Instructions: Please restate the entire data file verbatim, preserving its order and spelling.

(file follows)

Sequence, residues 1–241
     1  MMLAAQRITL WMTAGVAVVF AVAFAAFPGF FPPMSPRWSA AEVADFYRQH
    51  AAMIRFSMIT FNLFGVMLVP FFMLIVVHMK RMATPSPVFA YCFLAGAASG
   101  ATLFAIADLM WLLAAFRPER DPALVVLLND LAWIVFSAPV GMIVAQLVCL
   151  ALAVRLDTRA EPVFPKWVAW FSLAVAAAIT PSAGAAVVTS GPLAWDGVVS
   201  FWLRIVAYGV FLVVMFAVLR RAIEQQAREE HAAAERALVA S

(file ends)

Sequence, residues 1–241
     1  MMLAAQRITL WMTAGVAVVF AVAFAAFPGF FPPMSPRWSA AEVADFYRQH
    51  AAMIRFSMIT FNLFGVMLVP FFMLIVVHMK RMATPSPVFA YCFLAGAASG
   101  ATLFAIADLM WLLAAFRPER DPALVVLLND LAWIVFSAPV GMIVAQLVCL
   151  ALAVRLDTRA EPVFPKWVAW FSLAVAAAIT PSAGAAVVTS GPLAWDGVVS
   201  FWLRIVAYGV FLVVMFAVLR RAIEQQAREE HAAAERALVA S